Thursday, September 24, 2009

An Arsonist's Guide to Writers' Homes in New England by Brock Clarke

That title is a mouthful huh?

Sam Pulsifer is only good at two things: packaging science and bumbling. His first major bumble comes at the young age of 18 when he burns down Emily Dickinson's historical house and kills two people who were inside (he didn't know they were there.) Ten years later he's out of jail and ready to get on with his life which turns out to be nothing more than bumbled decision after bumbled decision.

It works against Sam that most the people in his life lie to him or attempt to manipulate him. It doesn't help that, years after his initial crime, homes of other famous writers are being burned down throughout New England. And then there's the fact that Sam never felt the need to tell his wife about the arson, murder, and that the orphaned son of the couple who died in the fire is out for revenge. Poor Sam right? Wrong. Sam is not a character you easily feel sorry for, if at all. He's just too much of a mess to garner sympathy. Even when he does "good" you still aren't compelled to like or even appreciate him. He's just not a hero. Sam Pulsifer is nothing more than the main character in a story.

So, how an a book with an unlikeable main character be good? Sam's life is such a mess you can't stop reading about it. The story is also told by Sam as a memoir allowing you to hear Sam admit to and show the reader his own examples of the bumbling choices he makes in life. Personalizing the story in this way makes the action more compelling. I never liked Sam as a person, but his story was great. You don't often get a mess to muddle through like this in a novel and I found it refreshing.

Actually, there are no characters in Arsonist's Guide that are truly likable. Most of them lie and deceive, keep secrets, or tell half-truths that nobody really believes anyway. The only thing to really like is the story itself. Not being distracted by the characters really allows the reader to get into the action. For this reason though, I'd only recommend this book to readers who aren't easily defeated when presented with an unlikeable character. I'd hate to have anyone start this book and give up before getting to the ending - it is a mystery story after all.

Friday, September 4, 2009

The Chronicles of Barsetshire by Anthony Trollope

The Chronicles of Barsetshire are a collection of six books (I've made it through five already) published between 1855-1867. Each book involves different central characters, but all the stories take place in the same fictional county created by Trollope. Rather than review each book I've already read in the series, I want to talk about the series as a whole. Trollope is a great writer and his style, which I find unique to the time period he published in, is what makes this series most attractive.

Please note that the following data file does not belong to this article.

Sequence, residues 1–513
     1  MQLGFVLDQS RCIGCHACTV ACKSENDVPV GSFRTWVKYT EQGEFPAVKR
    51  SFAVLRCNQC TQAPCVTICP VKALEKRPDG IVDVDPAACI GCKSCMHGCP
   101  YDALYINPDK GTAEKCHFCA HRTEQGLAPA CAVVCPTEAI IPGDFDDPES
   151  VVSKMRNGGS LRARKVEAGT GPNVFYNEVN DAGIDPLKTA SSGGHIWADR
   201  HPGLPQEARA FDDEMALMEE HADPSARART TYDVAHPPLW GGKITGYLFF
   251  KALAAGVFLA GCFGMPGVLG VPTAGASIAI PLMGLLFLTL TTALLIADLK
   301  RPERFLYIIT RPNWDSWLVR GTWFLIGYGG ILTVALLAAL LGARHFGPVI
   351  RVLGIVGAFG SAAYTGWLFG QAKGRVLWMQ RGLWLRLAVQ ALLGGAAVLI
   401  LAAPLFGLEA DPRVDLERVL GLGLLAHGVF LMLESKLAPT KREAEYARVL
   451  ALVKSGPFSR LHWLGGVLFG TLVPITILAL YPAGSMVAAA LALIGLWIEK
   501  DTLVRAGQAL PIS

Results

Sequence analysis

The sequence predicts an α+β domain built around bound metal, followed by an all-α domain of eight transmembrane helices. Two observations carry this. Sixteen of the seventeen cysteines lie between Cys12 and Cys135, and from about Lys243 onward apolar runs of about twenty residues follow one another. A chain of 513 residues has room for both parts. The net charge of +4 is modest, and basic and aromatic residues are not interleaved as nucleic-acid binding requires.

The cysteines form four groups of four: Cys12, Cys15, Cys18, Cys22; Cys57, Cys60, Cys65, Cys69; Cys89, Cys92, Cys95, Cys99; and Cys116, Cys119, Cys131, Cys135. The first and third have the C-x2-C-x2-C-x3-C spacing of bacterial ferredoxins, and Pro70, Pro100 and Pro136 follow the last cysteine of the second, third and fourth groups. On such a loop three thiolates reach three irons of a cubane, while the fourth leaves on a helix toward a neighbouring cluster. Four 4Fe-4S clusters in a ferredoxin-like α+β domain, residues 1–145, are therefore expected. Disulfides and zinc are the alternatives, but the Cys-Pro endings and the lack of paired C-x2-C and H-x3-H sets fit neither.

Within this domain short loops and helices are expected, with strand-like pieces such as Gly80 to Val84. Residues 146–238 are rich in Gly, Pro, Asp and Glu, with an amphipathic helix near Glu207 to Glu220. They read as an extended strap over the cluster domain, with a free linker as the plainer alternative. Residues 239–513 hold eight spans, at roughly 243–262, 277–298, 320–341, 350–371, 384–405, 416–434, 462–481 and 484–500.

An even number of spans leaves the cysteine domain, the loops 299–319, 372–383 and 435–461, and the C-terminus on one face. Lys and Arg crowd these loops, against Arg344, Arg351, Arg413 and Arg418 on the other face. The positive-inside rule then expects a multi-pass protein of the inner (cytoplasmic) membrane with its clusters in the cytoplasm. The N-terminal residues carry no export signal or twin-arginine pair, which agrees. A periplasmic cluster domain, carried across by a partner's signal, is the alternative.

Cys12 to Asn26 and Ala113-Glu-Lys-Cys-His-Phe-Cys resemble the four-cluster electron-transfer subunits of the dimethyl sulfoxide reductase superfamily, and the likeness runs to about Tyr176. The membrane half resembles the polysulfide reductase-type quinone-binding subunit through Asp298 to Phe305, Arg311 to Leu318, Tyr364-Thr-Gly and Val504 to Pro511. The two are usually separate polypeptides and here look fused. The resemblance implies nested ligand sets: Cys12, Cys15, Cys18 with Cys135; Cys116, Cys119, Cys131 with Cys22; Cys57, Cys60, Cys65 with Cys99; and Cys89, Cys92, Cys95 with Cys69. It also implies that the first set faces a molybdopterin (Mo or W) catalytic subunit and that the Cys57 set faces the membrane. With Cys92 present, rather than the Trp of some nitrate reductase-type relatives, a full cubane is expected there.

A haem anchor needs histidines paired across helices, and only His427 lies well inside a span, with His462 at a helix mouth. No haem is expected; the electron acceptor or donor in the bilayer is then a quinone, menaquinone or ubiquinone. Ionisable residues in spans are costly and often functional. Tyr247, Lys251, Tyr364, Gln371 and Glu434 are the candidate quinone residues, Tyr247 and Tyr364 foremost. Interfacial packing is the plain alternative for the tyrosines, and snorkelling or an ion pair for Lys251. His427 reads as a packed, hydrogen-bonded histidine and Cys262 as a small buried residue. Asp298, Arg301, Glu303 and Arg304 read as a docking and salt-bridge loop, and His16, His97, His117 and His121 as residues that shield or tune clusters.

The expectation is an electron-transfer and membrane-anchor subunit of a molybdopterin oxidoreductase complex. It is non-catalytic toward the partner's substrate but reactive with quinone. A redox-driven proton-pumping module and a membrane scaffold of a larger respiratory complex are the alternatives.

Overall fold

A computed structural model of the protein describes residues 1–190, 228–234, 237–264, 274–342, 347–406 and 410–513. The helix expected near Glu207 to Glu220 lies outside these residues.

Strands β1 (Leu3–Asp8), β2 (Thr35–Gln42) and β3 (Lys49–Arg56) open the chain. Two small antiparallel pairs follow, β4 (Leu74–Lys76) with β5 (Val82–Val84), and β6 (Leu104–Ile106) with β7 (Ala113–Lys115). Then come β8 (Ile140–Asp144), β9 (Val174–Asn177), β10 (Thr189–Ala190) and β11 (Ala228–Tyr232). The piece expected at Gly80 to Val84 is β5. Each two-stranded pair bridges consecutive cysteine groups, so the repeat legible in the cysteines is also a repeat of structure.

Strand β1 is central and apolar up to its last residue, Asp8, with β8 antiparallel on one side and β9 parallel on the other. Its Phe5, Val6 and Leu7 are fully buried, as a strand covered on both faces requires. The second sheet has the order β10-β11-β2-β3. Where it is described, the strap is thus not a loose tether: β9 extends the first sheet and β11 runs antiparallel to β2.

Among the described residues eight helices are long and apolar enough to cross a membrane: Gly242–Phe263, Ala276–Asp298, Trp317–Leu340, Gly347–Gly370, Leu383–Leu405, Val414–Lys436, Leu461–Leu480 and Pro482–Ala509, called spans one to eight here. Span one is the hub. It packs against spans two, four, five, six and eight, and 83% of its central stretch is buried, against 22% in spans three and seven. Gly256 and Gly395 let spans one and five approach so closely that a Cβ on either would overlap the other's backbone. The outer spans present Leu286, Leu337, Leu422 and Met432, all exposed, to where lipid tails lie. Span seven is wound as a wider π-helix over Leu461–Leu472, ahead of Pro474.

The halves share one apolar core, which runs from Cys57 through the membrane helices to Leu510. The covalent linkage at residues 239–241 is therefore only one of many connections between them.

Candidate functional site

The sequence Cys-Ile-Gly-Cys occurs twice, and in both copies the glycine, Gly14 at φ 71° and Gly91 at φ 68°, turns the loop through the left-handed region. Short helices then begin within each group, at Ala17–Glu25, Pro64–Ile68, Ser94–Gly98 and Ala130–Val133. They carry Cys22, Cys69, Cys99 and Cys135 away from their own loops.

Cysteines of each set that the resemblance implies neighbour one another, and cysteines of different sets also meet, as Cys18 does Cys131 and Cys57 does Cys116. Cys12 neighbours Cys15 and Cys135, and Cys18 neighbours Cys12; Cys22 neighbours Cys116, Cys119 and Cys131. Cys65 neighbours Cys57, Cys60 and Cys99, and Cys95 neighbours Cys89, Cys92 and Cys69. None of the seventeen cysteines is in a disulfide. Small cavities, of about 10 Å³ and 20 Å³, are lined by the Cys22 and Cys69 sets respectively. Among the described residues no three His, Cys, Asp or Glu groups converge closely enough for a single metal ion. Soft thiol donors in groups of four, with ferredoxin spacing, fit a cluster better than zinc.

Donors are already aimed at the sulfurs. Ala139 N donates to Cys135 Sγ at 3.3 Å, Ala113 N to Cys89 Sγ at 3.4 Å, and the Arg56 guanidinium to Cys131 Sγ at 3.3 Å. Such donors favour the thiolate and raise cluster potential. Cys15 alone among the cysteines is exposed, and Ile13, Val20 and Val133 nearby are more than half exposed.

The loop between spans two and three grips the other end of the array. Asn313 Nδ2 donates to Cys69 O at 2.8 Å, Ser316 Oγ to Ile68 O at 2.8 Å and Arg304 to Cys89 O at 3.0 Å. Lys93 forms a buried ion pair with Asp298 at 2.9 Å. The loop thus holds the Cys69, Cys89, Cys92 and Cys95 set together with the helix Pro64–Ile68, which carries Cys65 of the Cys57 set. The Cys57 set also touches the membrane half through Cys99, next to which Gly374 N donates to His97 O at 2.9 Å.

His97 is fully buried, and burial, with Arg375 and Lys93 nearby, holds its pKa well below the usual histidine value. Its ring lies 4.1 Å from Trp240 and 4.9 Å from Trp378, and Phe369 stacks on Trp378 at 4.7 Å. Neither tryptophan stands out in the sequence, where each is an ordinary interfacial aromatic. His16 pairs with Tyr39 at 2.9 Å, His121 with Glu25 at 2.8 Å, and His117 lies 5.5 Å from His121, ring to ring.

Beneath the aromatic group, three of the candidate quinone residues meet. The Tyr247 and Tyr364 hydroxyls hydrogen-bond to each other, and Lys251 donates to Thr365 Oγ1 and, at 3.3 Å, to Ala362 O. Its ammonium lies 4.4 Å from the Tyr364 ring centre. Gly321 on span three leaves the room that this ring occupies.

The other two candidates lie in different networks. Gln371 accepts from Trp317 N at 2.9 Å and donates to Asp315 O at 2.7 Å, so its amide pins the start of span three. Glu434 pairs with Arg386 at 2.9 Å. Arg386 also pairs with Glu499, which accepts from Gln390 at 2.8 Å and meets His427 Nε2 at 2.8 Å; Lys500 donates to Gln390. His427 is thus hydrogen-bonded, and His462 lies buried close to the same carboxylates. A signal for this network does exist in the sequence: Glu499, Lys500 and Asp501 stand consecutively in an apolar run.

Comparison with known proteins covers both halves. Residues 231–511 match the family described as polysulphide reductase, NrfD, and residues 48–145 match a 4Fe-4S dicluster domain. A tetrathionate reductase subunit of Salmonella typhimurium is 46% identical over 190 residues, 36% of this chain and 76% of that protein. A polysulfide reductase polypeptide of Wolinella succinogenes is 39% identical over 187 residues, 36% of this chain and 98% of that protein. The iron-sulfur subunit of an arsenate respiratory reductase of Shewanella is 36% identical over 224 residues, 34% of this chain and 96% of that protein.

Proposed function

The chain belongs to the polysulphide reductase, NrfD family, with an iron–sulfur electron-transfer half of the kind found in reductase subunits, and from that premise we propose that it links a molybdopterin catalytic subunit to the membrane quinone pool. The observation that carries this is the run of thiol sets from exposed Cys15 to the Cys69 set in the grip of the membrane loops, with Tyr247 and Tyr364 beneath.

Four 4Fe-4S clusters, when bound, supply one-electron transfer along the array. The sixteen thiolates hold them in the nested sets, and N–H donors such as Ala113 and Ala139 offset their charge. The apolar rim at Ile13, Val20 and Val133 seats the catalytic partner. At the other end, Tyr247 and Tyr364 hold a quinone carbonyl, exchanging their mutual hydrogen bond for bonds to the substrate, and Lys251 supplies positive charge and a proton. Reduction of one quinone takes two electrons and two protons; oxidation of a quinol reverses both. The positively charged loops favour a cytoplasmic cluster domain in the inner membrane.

The series consists of The Warden, Barchester Towers, Doctor Thorne, Framley Parsonage, The Small House at Allington, and The Last Chronicle of Barset. While, it's helpful to read the books in order - since once characters are introduced they're frequently referred to - it's not a must.

While the focus of each book is really on the various relationships between members of the county, Trollope also takes a stance on important issues of the day - particularly political parties, the state of the church, and how the social structure throughout England affects personal relationships. Making it through almost the entire series by now, I've found the stories and character struggles very interesting. The most unique feature of these books is the author's voice itself. Trollope is actually a character, butting into the narrative to support and guide the reader. Trollope does everything from warning his readers that there won't be one central hero to a story to reassuring us that because he hates suspense, he won't leave the reader guessing about the fate of his more beloved characters.

Trollope also uses unconventional methods to conclude his stories. While his characters mostly end up happy, all the stories don't conclude with everyone married to their true love and all the poor characters wealthy. Our Warden (who appears primarily in the first two books) repeatedly refuses positions within the Church that would allow him to live comfortably financially. The women in The Small House at Allington don't all get to marry their true love. Characters die leaving perfectly good wives widowed. These elements of reality make Trollope more like Hardy than Austen (if you were looking for a comparison.)

The pictures Trollope paints throughout this series of a particular county and all its characters is very vivid. He wants you to see this place as he sees it, so he digs deeply into detail when talking about specific places and people. If you're a fan of "classic" literature and enjoy books from this period (like the Bronte sisters and Dickens) Trollope might be worth a try. Give The Warden a shot and see what you think.